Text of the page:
Reasonable Doubt – A standard of proof that must be surpassed to convict an accused in a criminal proceeding. Reasonable doubt is a standard of proof used in criminal trials. When a criminal defendant is prosecuted, the prosecutor must prove the defendant’s guilt Beyond a Reasonable Doubt. If the jury—or the judge in a bench trial—has a reasonable doubt as to the defendant’s guilt, the jury or judge should pronounce the defendant not guilty. Conversely, if the jurors or judge have no doubt as to the defendant’s guilt, or if their only doubts are unreasonable doubts, then the prosecutor has proven the defendant’s guilt beyond a reasonable doubt and the defendant should be pronounced guilty.
FoxNews.com reports that
The jury in the federal trial of former Trump campaign chairman Paul Manafort ended the first day of deliberations Thursday without a verdict, but did ask the judge a series of questions before breaking — a development the defense took as good news.
One source close to the Manafort team told Fox News, “We’re in the game.”
Before court was adjourned in the afternoon, U.S. District Judge T.S. Ellis III announced that jurors would continue their work on Friday morning.
Ellis read aloud a note detailing four questions from the jury, which covered foreign financial accounts, shell companies, the definition of reasonable doubt and other evidence in the case.
Outside court on Thursday, Manafort’s defense attorney, Kevin Downing, called the questions from the jury — especially the one about reasonable doubt — a “good sign.”
“So, overall a very good day for Mr. Manafort,” Downing told reporters.
After a trial spanning nearly three weeks, Manafort, 69, is awaiting a verdict on tax evasion and bank fraud charges. He has been accused of hiding income earned from his Ukrainian political work from the IRS. He’s also accused of fraudulently obtaining millions in bank loans.
He has pleaded not guilty to the charges.
A humorous moment occurred earlier Thursday after Ellis excused the jury from the courtroom.
“Mr. Trump, are you here?” the judge asked, eliciting an audible gasp from the many reporters in the room.
It turned out the judge was referring to a man named Jim Trump, a prosecutor who was present in court for the next case and has no relation to President Trump. The moment resulted in a smile and a laugh from Manafort.
Before deliberations started, Ellis acknowledged that the jury room is small. He offered to let the jurors use his conference room to deliberate instead. The jury, though, informed the judge that the members would prefer to deliberate in the break room, where they eat lunch. Ellis granted the request.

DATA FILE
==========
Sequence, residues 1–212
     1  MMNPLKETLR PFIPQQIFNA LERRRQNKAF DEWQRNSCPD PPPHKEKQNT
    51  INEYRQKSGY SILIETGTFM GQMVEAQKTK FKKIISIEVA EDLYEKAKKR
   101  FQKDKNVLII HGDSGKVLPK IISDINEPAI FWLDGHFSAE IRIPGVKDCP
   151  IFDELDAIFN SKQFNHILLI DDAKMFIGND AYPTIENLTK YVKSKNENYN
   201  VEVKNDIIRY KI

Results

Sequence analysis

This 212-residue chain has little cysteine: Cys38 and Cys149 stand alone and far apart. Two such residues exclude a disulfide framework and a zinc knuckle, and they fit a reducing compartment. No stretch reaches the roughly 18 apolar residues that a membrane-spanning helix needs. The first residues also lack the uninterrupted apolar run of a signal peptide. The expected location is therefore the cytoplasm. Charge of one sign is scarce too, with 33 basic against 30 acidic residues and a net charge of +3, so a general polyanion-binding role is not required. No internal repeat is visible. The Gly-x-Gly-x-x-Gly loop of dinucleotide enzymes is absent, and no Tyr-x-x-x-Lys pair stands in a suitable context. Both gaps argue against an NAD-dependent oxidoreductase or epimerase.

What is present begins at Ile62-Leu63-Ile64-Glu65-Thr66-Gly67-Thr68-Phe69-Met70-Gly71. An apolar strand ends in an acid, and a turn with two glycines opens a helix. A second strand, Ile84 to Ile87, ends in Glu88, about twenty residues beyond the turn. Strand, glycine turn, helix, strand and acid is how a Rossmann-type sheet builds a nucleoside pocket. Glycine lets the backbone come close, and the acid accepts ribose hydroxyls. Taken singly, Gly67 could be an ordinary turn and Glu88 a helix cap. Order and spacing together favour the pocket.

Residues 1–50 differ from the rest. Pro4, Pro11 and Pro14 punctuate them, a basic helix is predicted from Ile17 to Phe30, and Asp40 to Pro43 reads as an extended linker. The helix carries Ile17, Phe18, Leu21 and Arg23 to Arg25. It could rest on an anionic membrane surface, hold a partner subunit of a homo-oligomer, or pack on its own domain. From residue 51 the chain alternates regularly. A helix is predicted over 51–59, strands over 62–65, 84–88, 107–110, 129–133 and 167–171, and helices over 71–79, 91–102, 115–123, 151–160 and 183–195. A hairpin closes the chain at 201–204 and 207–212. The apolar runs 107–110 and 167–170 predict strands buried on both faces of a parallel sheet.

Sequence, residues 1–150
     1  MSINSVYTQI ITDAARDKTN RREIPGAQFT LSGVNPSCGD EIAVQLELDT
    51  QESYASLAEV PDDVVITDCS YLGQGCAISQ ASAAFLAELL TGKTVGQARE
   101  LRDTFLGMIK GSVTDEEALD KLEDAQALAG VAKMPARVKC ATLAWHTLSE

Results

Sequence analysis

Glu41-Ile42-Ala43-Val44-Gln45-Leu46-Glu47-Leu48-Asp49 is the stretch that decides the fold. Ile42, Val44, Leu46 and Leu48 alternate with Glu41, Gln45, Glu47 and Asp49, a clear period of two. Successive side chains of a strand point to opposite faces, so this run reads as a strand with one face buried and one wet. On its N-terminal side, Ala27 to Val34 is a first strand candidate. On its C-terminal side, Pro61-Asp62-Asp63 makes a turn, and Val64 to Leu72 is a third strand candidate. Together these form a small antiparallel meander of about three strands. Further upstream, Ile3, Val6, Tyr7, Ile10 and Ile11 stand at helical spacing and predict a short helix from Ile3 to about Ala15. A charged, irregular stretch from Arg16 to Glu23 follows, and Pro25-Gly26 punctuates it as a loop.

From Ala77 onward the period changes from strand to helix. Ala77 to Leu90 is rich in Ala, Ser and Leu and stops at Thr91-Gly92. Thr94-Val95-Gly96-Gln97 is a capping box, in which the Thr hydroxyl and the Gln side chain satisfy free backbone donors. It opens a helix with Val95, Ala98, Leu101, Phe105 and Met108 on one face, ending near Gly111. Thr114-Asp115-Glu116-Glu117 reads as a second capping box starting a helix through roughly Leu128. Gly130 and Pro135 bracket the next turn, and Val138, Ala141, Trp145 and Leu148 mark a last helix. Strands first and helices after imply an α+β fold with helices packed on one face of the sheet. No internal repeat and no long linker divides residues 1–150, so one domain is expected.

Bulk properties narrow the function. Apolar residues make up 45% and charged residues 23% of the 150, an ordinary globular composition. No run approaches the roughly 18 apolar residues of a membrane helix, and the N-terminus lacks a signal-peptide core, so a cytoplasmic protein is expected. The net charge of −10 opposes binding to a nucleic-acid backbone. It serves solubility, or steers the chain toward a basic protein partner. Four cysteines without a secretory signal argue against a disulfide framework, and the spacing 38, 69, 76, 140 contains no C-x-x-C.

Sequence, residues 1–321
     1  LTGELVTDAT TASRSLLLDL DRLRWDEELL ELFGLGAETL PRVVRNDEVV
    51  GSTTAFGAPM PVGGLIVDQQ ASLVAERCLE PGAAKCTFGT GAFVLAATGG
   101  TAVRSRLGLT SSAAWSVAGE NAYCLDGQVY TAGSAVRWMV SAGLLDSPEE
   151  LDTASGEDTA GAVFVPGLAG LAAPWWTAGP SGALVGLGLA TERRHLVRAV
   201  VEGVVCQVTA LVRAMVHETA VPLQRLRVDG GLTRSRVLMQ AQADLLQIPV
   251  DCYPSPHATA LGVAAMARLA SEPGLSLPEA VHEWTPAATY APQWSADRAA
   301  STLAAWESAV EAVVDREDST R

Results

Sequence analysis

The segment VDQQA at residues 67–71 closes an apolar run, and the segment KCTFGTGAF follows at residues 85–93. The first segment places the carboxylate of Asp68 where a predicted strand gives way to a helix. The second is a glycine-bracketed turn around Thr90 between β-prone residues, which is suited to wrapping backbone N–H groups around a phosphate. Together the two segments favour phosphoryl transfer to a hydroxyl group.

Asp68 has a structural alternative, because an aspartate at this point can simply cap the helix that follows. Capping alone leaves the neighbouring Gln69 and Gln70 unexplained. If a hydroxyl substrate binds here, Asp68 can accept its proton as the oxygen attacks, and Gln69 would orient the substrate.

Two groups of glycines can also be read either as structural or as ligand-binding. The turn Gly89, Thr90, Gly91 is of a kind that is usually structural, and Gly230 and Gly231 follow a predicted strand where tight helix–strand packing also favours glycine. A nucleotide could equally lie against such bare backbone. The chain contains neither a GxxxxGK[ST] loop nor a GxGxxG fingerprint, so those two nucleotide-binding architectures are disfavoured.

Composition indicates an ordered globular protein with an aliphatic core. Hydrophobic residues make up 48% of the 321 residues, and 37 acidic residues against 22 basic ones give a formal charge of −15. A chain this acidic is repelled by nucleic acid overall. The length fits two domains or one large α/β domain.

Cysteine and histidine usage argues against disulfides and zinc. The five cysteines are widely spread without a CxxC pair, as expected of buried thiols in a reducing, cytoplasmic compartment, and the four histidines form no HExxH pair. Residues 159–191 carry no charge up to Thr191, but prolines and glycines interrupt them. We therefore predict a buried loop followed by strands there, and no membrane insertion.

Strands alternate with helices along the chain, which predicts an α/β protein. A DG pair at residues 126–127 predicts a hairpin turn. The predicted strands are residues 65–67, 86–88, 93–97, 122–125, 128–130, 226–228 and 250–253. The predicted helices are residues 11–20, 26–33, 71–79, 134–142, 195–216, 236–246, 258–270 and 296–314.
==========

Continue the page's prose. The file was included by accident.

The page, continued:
A unanimous verdict from the 12 jurors is required to convict Manafort on each of the 18 counts against him.
During closing arguments on Wednesday, attorneys for Manafort suggested that Special Counsel Robert Mueller’s team had improperly ensnared their client in his ongoing probe of alleged Russian influence in U.S. politics.
Manafort attorney Richard Westling told jurors that banks had not reported any problems with Manafort to regulators “until the special counsel came and asked questions,” and he accused prosecutors of “stacking” charges against Manafort. And Downing, the other defense attorney, said several times the prosecution should have been handled by an IRS audit, rather than through a high-profile federal prosecution by the special counsel’s office.
Prosecutors said both arguments violated a pretrial agreement not to discuss the larger political context of the case. Later in the day, during jury instructions that lasted well over an hour, Ellis told jurors to ignore the defense team’s suggestion that the Mueller prosecution was politically motivated.
Throughout their closing arguments during the day, defense attorneys claimed prosecutors had produced “not a single bit” of evidence in support of their charges.
On Wednesday, prosecutors used their closing arguments to paint the former Trump campaign chairman as a chronic liar, telling jurors Manafort is “not above the law.”
The prosecution’s star witness, Rick Gates – Manafort’s former business partner, who struck a plea deal to cooperate with the government — testified that he and Manafort committed bank and tax fraud together.
Manafort’s legal troubles won’t end with this trial. He is also facing charges in a separate federal court case in Washington, including allegations of conspiring against the United States, conspiring to launder money, failing to register as an agent of a foreign principal and providing false statements.
In an article from WRAL.com, they report that Mueller’s prosecutorial team is stay across the street at The Westin Hotel.
Guess whose dime they are staying on?